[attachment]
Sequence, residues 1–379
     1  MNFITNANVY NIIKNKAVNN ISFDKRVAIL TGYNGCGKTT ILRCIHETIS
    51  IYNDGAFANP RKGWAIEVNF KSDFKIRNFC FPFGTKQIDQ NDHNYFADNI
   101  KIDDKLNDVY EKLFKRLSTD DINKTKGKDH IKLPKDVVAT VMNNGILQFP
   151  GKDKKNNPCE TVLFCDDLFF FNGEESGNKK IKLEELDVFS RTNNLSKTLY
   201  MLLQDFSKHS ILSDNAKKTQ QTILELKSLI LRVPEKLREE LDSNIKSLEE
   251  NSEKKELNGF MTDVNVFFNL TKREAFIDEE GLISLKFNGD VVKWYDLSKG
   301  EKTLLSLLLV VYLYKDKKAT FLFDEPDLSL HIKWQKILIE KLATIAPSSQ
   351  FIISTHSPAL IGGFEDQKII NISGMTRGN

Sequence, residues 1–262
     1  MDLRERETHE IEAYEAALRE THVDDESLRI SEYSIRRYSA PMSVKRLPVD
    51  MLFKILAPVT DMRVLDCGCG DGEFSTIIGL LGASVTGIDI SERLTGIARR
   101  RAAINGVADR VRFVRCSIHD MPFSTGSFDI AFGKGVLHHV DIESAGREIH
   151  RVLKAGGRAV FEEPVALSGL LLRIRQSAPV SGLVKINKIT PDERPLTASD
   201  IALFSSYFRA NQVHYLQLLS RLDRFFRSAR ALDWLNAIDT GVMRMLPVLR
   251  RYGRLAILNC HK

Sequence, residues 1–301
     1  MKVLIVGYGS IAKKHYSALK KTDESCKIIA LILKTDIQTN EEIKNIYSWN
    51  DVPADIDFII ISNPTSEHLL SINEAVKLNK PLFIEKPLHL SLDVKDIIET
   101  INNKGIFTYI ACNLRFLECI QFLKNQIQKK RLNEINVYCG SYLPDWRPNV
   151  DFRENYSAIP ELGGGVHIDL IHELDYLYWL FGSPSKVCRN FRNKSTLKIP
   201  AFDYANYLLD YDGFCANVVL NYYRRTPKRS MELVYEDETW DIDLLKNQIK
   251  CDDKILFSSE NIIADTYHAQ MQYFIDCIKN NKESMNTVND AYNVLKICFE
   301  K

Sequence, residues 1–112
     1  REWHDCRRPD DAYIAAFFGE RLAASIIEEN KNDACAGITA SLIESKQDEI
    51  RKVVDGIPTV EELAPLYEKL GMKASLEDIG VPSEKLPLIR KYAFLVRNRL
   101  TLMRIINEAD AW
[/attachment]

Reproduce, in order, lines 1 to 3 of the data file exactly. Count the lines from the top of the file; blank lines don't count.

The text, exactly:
Sequence, residues 1–379
     1  MNFITNANVY NIIKNKAVNN ISFDKRVAIL TGYNGCGKTT ILRCIHETIS
    51  IYNDGAFANP RKGWAIEVNF KSDFKIRNFC FPFGTKQIDQ NDHNYFADNI